Return the dough to a lightly floured surface. Roll dough 1/4" thick and use a pizza cutter to cut into six 7" squares. Add a tablespoon of each filling in the center, then fold the square in half to form a triangle.
Dip a finger in the egg wash and run it along the seam. Press to close. Also brush the tops of pastries using the egg wash and a basting brush. Sprinkle with granulated sugar if desired.
Bake for 15-17 minutes or until golden. Cool for 15 minutes, then drizzle icing on top.
Breakfast is definitely the most important meal at the cabin, especially on the weekends! Every Saturday and Sunday at the very least I make a traditional farm-style breakfast; more recently I’ve been experimenting with various baked goods, and much to my husband’s enjoyment have been blessed with wild success. One of those creations is a simple twist on a classic buttermilk pancake recipe that uses a secret ingredient: Greek yogurt! I know, it seems weird. But the savory yogurt adds a delicious creaminess and tang to your everyday pancakes that’s similar to the richness of sour cream cake. Don’t knock it till you try it! Top this treat with a whopping dollop of homemade whipped cream and you’ll enjoy the kind of breakfast that deserves a mid-morning nap.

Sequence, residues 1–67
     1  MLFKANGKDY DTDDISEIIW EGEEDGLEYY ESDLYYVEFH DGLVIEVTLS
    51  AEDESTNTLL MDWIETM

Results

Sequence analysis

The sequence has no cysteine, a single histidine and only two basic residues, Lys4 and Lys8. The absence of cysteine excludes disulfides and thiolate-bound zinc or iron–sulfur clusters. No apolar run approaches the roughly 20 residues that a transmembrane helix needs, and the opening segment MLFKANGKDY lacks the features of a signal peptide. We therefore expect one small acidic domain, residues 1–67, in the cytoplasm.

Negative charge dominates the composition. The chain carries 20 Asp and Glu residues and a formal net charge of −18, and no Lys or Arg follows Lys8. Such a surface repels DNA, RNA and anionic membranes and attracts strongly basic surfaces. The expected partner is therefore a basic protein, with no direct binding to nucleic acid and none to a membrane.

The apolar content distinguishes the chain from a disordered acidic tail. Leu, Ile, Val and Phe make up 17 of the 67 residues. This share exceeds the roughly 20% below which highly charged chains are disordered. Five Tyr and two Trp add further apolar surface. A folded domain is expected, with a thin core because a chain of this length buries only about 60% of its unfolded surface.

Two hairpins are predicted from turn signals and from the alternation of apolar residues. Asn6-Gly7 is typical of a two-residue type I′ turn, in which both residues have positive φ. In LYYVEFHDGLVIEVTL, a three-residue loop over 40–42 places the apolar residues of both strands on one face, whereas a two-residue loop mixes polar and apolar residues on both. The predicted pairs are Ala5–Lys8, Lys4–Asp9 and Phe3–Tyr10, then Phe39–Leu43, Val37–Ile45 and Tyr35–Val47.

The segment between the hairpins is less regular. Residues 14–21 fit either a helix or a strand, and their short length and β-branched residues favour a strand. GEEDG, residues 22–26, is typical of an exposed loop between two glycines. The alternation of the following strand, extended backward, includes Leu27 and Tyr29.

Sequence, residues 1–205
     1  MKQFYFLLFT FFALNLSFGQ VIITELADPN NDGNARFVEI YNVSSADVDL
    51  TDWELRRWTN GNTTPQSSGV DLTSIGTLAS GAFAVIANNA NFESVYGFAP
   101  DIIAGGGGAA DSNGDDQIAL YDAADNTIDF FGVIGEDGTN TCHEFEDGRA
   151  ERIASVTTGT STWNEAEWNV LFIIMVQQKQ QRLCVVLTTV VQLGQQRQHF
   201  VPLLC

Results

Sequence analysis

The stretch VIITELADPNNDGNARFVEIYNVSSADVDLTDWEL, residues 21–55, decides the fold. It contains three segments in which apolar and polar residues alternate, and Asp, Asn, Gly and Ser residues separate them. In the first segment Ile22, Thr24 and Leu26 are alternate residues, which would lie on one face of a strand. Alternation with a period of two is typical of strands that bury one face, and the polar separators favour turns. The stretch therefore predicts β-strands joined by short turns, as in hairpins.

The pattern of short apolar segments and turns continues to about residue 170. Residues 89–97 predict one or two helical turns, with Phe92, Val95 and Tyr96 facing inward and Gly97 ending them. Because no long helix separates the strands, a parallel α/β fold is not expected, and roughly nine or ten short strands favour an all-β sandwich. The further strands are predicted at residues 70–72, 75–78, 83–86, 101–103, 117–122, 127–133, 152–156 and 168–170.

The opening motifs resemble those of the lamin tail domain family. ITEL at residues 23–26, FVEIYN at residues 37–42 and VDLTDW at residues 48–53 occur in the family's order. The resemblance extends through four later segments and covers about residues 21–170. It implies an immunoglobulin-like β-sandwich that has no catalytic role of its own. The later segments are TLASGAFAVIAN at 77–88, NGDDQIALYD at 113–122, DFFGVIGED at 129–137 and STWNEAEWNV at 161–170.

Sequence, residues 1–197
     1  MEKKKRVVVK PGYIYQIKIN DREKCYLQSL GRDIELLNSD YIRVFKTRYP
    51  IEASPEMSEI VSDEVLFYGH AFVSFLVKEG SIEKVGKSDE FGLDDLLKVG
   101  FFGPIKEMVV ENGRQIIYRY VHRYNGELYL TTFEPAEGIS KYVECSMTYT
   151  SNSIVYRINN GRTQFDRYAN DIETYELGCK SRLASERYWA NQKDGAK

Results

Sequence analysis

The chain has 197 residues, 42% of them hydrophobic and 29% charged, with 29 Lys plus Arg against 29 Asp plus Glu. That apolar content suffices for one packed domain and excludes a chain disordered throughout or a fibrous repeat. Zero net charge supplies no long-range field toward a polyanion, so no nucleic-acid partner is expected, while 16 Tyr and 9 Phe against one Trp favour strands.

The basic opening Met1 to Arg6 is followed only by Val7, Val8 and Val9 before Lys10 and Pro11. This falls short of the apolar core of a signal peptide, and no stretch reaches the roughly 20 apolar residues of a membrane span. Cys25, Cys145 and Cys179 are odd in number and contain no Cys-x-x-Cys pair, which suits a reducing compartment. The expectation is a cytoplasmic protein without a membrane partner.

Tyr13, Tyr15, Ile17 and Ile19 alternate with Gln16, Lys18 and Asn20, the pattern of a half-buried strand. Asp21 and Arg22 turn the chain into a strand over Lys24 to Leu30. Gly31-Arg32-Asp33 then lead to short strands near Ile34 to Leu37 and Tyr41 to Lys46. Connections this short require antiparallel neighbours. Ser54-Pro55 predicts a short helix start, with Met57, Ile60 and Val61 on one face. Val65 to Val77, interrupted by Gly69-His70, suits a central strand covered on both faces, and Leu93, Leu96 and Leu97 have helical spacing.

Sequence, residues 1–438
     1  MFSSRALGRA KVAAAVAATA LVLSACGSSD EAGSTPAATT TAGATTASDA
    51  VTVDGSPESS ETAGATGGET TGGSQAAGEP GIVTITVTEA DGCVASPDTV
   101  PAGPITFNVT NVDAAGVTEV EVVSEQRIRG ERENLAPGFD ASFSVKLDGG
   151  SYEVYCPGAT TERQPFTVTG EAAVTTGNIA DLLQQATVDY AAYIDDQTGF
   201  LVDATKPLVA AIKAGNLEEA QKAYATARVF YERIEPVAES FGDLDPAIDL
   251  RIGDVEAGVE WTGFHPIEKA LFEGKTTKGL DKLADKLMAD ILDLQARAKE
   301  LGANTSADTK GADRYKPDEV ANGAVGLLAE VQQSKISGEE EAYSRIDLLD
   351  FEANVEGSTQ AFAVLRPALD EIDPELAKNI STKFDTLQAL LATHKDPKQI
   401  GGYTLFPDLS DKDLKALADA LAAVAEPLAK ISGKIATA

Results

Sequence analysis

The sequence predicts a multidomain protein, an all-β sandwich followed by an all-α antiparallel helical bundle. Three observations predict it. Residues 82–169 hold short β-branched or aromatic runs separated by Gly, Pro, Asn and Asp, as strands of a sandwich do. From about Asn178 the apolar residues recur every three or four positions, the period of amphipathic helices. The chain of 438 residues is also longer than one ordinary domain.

I used to have an electric nonstick skillet that I loved cooking pancakes on but since we’ve been adding to our collection of cast iron cookware my new favorite is a flat #9 skillet. With just a small lip around the edge it makes flipping a breeze! This particular piece we found at a yard sale (!) and after my husband refinished it with a grinder and seasoned it in the oven it was back to brand new.